The bar at Scotch Lodge, illuminated by hanging globe light fixtures.
The interior of Scotch Lodge
Jordan Hughes/Scotch Lodge

Gregory Gourdet’s reputation within Portland dining was already well established before he opened his first restaurant — the Top Chef regular and James Beard Award-winning cookbook author had been making shaved ice-topped desserts and Christmas ducks at Departure for years before he opened this resoundingly lauded Southeast Portland restaurant. Now, the stylishly appointed, energetic Kann is the hottest reservation in town, groups gathering at round tables to share peanut creamed greens and coffee-rubbed rib-eyes. Kann feels like Gourdet’s culinary biography, and there are echoes of his past lives throughout the menu: The duck, for instance, swaps the more Peking-style version from Departure for a cane syrup glaze with pineapple and tamarind, pulling from the Haitian culinary tradition of his heritage. And those granitas accompany delicately cured kanpachi or chocolate-coated banana mousse cake at the beginning or end of the meal. Plan ahead — reservations disappear minutes after they drop.

A plate of sliced beef sits on a table at Kann in Portland, Oregon.
A beef rib from Kann.
Nick Woo/Eater Portland

Mucca Osteria

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This downtown Portland Italian restaurant could earn its spot on the map based on hospitality alone, harkening back to an era of dining when servers in ties and vests refilled the water glasses after a sip or two and warm focaccia landed on tables just a few moments after guests placed orders. The food meets the quality of the service, whether it’s a mount of burrata nestled in ribbons of 500-day prosciutto or sea scallops accompanied by dollops of caramelized shallots and chive blossoms, placed over a swipe of Parmesan fonduta. Pastas are made in house, with gentle bite and egg yolk-silky texture.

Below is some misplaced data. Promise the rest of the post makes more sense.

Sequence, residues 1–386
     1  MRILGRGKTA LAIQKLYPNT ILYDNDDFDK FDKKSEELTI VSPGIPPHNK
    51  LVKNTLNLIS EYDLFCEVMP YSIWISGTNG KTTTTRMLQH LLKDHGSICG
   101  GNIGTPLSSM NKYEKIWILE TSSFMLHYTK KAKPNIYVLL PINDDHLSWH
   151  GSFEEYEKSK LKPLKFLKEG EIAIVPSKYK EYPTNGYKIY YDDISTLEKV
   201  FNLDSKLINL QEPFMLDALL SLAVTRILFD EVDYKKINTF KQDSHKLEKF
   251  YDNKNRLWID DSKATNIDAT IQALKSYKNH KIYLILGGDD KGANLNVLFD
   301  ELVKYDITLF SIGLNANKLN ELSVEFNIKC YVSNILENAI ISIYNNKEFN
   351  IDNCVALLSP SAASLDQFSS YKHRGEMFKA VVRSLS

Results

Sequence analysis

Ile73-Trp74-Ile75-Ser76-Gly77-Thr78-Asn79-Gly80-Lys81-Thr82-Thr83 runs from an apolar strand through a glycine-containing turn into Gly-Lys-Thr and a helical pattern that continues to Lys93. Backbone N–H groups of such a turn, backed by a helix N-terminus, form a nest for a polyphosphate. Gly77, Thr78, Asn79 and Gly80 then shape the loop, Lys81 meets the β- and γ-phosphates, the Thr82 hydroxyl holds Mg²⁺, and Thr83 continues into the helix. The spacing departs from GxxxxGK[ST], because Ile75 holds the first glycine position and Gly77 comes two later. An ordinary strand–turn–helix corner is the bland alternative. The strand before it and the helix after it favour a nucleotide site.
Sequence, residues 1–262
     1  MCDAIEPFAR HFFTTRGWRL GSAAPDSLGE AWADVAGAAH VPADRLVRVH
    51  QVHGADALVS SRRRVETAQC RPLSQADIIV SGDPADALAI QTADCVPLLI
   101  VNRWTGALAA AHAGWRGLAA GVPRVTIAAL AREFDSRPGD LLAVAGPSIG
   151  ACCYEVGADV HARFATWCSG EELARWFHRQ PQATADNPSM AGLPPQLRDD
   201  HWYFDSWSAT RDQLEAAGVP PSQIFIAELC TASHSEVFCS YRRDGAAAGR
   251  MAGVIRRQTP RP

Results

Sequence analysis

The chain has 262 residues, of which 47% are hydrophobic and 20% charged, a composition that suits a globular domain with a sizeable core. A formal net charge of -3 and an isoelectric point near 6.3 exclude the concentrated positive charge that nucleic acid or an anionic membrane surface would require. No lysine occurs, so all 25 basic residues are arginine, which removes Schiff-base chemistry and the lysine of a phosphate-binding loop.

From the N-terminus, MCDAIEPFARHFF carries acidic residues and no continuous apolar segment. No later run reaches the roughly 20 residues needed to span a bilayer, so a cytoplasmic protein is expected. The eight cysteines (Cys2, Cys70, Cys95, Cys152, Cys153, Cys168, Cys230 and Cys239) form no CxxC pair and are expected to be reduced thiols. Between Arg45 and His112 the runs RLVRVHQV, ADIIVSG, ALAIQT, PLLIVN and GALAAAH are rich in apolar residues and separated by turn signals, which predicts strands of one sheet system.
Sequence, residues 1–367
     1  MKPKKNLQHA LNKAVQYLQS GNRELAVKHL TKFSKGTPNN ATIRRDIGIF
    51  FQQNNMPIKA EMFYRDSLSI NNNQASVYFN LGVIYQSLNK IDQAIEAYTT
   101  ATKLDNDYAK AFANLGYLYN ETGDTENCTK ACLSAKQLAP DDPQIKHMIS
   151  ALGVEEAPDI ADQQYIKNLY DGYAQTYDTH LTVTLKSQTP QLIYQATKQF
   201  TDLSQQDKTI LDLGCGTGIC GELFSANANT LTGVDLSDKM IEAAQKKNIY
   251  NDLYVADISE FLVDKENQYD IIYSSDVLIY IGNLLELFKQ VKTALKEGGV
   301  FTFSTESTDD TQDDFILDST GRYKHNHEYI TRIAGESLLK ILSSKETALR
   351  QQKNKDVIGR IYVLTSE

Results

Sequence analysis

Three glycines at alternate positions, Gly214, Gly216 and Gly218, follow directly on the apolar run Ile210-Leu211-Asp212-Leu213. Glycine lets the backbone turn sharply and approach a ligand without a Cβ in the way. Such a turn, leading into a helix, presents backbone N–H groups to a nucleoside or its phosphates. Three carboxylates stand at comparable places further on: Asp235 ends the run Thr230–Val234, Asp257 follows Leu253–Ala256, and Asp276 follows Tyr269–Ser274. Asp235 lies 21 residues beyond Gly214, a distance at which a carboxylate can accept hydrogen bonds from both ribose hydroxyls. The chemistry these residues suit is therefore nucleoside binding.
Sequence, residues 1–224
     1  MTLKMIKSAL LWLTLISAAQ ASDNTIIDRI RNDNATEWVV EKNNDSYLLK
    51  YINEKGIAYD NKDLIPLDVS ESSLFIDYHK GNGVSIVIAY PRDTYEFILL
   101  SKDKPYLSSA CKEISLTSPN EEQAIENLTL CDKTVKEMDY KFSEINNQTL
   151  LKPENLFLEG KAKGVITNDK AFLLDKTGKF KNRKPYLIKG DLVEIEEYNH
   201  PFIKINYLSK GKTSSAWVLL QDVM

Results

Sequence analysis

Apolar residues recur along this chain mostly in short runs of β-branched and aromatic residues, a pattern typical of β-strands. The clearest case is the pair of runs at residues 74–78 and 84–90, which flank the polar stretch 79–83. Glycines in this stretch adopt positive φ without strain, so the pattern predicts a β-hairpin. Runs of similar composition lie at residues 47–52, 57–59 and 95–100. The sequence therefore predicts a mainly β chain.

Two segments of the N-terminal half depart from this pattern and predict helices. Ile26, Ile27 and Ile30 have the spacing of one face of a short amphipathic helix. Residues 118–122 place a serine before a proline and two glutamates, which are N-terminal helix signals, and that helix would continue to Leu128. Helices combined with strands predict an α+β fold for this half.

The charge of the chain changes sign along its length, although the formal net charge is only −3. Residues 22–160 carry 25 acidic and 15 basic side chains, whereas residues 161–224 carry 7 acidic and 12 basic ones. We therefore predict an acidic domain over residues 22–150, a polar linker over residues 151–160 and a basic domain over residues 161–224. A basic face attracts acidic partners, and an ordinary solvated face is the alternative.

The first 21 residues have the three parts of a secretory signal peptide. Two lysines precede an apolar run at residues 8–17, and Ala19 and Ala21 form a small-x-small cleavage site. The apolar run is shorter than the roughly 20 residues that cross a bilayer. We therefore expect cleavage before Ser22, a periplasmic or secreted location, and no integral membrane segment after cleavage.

Two scallops sit on a blue plate next to a swipe of cheese sauce, with little dots of saffron gel, garlic blossoms, an orange-hued shallot relish, and olive oil powder. This dish was served at Mucca in downtown Portland, Oregon.
Scallops at Mucca.
Brooke Jackson-Glidden/Eater Portland

Bake on the Run

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Mother-son duo Bibi and Michael Singh celebrate the cuisine of Guyana, underrepresented not only in Portland’s restaurant scene but also the country’s, at their Southeast Stark food cart within the rising star pod Lil’ America. Here, the Singhs emphasize the culinary influences on the South American country — particularly the Indian and Chinese influences — with dishes like a creamy house dal and chow mein made with imported Guyanese noodles; however, the true draw of this cart is its namesake, the “bakes.” Fluffy pockets arrive filled with everything from salt cod to Nutella, though the bake stuffed with chana aloo, layers of garlic and ginger intermingling with Guyanese curry powder and tender chickpeas, is Portland food cart dining at its finest.